Environmental health groups welcomed the proposal made by District 1 Councilor Pilar Braga calling on the City Council to enact an ordinance requiring the use of lead safe paints in construction, maintenance and renovation projects and activities of the City of
“The mandatory use of lead safe paints in the City of
support of the national government’s policy and program to eliminate lead
paint, will prevent children’s exposure to lead via leaded paints as well as
reduce occupational exposures to such paints,” told the City Council through a
privilege speech last month. Braga
The Interface Development Interventions (IDIS) and the EcoWaste Coalition welcomed Braga’s lead safe paint initiative as this will promote the public’s health, safety and welfare, as well as advance a toxic-free environment for the benefit the city’s over 1.6 million residents.
“We thank Councilor Braga for initiating this well-timed proposal in line with the phase-out of lead-containing paints nationwide. The mandatory purchase and use of lead safe paints for city projects and activities will safeguard all Davaoeños, especially the young children, pregnant women and workers, from the detrimental effects of lead exposure to human health and the environment,” said Chinkie Peliño-Golle, Executive Director, Interface Development Interventions (IDIS).
“We look forward to the filing and eventual adoption of an ordinance that will potentially make Davao City as the first local government unit (LGU) to explicitly require the use of paints without lead additives for painting jobs paid out of public funds in compliance with the directive from the Department of Interior and Local Government (DILG),” stated Thony Dizon, Chemical Safety Campaigner, EcoWaste Coalition.
DILG Memorandum Circular 2018-26 on the “Mandatory Use of Lead Safe Paints by LGUs” issued by OIC Eduardo M. Año last February 28 enjoins the country’s LGUs - from the provinces to the barangays - to “support the phase-out of lead-containing paints and eventually reduce the hazards and risks posed by such paints to human health."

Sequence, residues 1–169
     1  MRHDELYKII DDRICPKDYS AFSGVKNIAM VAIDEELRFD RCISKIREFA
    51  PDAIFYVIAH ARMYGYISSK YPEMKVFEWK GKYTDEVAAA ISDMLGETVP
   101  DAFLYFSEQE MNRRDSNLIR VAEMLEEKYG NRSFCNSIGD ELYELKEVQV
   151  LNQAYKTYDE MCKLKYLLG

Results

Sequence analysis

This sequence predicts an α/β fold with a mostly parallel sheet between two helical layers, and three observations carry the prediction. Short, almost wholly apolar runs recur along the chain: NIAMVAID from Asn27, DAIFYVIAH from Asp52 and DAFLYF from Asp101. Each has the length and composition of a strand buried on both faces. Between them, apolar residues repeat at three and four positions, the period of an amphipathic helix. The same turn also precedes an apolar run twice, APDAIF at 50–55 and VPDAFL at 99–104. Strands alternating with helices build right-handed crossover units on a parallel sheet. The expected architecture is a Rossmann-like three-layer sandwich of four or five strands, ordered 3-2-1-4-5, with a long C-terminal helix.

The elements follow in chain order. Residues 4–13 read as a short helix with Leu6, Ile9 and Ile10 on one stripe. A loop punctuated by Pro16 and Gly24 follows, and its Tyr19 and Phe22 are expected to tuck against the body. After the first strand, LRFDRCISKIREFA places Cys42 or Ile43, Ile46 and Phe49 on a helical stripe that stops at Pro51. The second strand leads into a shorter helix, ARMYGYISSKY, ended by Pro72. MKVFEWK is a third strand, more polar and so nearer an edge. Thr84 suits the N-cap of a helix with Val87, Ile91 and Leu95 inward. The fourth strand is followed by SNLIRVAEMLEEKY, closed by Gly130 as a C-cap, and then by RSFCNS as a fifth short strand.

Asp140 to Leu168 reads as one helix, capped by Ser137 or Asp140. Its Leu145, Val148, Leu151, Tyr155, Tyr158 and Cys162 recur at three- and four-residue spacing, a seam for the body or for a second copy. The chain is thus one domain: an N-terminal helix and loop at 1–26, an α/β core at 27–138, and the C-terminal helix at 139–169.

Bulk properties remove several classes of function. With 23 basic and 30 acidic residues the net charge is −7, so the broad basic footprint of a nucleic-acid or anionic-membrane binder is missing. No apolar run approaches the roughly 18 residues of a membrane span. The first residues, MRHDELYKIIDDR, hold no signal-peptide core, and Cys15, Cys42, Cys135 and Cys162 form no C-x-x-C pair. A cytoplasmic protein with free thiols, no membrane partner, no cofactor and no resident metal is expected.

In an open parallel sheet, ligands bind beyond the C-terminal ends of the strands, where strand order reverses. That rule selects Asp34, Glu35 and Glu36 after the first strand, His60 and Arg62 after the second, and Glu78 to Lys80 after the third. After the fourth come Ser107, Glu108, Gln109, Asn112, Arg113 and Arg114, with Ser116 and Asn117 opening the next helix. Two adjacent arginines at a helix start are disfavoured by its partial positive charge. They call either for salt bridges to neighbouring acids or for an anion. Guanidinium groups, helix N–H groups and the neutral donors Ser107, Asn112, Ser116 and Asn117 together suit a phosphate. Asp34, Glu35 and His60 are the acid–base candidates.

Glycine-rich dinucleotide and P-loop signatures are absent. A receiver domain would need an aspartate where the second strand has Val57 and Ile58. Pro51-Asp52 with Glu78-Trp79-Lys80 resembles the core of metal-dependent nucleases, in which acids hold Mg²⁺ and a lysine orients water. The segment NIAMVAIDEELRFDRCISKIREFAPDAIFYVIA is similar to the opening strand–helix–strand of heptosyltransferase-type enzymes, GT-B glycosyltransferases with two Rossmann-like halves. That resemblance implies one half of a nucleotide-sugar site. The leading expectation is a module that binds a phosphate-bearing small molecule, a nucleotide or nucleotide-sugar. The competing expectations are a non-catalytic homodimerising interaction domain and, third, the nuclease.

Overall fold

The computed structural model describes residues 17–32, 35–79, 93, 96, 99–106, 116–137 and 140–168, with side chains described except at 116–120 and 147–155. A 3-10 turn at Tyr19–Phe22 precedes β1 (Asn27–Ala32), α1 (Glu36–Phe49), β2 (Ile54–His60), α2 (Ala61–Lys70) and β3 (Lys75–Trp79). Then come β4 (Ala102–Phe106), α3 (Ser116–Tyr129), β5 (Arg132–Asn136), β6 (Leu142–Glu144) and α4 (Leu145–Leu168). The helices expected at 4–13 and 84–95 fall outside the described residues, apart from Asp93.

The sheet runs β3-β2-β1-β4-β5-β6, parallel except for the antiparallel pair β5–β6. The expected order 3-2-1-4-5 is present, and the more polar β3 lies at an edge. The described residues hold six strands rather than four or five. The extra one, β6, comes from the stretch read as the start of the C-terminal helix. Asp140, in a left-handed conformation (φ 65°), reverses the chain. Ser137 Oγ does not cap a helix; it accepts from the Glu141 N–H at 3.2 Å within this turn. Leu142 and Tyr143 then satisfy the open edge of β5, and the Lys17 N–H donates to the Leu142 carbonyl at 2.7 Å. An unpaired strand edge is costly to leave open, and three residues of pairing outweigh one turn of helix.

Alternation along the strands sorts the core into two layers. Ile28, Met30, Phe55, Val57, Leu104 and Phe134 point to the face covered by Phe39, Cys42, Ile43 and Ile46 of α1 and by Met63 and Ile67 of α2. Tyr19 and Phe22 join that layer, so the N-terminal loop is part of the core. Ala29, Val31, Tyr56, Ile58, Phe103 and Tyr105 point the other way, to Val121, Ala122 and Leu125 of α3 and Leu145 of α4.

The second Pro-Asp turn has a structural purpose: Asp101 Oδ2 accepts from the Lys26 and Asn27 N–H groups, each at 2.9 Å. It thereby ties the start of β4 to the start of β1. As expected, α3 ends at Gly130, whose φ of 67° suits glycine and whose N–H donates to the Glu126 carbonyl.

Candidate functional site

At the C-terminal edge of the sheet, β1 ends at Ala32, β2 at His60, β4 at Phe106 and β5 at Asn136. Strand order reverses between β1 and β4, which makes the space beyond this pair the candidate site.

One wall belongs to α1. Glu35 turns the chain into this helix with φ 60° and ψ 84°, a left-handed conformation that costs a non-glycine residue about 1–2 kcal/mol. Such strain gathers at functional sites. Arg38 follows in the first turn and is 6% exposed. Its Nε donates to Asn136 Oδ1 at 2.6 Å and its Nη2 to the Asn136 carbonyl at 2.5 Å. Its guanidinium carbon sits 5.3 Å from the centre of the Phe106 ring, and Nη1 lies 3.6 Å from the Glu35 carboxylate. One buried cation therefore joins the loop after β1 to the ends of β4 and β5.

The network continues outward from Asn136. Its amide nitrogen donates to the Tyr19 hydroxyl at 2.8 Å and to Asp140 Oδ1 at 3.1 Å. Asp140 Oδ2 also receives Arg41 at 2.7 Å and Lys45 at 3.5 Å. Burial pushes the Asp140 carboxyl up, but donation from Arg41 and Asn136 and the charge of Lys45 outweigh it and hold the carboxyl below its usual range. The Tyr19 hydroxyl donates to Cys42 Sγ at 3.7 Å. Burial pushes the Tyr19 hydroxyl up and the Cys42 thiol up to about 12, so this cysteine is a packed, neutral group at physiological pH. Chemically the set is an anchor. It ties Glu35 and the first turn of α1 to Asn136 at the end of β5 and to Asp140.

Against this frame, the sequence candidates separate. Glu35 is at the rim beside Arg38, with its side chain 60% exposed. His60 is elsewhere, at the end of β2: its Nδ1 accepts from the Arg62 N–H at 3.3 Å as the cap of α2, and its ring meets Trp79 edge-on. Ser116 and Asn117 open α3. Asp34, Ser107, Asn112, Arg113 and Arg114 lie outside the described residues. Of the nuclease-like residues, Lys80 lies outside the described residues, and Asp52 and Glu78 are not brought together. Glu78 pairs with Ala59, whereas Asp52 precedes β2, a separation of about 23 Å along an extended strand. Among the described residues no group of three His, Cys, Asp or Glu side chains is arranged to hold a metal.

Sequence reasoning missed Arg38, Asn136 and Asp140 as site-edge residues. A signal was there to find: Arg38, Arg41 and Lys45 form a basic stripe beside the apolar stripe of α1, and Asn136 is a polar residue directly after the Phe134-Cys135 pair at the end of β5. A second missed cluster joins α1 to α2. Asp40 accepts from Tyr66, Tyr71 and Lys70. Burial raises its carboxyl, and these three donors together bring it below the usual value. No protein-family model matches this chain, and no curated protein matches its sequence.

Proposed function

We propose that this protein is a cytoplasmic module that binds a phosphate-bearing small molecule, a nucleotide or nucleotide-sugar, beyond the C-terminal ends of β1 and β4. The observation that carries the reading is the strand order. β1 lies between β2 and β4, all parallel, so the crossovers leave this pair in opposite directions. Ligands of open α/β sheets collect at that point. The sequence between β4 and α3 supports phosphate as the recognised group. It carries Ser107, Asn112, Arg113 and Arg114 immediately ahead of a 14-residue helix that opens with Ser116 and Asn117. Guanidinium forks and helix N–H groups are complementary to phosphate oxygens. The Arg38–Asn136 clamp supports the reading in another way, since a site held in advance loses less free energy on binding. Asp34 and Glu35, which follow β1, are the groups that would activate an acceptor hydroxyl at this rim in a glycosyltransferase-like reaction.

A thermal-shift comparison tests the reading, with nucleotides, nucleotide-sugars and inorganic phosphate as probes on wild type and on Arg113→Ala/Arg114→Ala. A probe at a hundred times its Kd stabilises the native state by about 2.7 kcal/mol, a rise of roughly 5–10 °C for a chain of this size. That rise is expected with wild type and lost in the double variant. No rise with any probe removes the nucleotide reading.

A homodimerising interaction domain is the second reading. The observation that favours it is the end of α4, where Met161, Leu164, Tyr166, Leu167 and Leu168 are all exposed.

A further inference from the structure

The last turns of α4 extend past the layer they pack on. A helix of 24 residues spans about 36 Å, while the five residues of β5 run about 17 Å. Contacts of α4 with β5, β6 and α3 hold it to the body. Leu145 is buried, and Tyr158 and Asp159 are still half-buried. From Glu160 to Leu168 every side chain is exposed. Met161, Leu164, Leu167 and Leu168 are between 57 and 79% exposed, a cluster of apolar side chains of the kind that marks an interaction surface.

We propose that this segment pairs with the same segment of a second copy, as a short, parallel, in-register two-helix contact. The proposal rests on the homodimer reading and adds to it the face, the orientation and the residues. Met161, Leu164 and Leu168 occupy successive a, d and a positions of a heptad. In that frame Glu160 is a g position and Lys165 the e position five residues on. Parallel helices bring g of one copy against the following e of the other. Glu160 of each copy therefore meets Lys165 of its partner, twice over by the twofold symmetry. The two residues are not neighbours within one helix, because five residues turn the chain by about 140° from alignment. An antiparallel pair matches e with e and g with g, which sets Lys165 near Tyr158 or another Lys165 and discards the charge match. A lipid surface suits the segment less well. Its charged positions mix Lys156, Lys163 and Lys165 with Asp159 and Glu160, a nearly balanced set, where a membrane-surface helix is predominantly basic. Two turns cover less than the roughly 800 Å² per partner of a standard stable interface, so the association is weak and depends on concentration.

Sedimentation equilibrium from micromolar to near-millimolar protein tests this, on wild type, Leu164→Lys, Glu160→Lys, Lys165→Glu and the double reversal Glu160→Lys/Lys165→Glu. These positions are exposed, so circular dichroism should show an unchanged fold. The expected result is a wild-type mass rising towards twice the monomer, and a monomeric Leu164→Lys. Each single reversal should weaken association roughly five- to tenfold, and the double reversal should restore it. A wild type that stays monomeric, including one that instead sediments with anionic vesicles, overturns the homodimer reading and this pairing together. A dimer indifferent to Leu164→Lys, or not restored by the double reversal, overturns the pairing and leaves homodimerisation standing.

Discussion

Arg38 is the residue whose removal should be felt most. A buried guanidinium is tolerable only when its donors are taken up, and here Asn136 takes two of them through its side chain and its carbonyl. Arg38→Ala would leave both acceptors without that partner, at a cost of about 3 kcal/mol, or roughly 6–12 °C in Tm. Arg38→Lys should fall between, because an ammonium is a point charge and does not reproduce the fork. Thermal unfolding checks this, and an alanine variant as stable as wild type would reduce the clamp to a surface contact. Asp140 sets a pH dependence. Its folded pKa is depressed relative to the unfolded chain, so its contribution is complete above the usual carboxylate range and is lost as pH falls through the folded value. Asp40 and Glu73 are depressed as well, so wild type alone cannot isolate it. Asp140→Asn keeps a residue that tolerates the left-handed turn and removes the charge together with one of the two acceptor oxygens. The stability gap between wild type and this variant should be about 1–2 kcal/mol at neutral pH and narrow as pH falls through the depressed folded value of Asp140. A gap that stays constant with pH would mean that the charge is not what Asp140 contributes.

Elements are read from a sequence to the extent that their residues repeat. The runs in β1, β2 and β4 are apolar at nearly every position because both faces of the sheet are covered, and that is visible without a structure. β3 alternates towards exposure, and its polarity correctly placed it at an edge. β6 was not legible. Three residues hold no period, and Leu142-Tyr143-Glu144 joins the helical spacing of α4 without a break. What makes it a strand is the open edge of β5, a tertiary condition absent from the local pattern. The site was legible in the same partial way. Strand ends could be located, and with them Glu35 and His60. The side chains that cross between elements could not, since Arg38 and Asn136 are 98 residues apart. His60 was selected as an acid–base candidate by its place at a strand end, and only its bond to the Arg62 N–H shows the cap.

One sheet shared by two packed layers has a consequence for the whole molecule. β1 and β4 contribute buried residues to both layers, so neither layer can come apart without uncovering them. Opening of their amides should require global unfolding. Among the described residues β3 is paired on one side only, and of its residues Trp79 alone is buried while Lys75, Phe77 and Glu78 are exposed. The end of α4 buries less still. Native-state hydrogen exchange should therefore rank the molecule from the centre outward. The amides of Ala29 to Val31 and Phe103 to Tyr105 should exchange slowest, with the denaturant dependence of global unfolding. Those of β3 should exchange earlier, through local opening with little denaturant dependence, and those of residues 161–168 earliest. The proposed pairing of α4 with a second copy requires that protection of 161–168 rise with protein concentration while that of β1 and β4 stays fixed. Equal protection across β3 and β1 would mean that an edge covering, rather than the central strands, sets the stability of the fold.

Lead-containing paint and lead-contaminated dust are recognized as major sources of lead exposure among children that can cause irreparable damage to the brain and the central nervous system, resulting in reduced intelligence and behavioral disorders, the groups said.
The groups explained that lead discharged into the environment makes its way into the air, land, and water. Painting activities, particularly the haphazard removal of lead painted surfaces, release lead particulates that can contaminate waterways such as rivers, creeks and can even reach underlying aquifers that affect drinking water quality. Also, lead deposited in soils may be retained for up to 2,000 years and can be absorbed by plants through their leaves and roots, posing risks to the ecosystems and human health.
“There is no known level of lead exposure that is considered safe,” according to the World Health Organization, which has also classified lead as one of the “ten chemicals of major public health concern.
Department of Environment and Natural Resources (DENR) Administrative Order 2013-24, or the Chemical Control Order for Lead and Lead Compounds, prohibits paints and other surface coatings with lead content above 90 parts per million (ppm).
The groundbreaking regulation paved the way for eventual phase-out of lead-containing paints for architectural, decorative and household applications in December 2016 following a three-year transition period.
Lead-based paints used for industrial applications are targeted for phase-out by December 2019.
Privilege Speech on Lead Paints by Councilor Pilar C.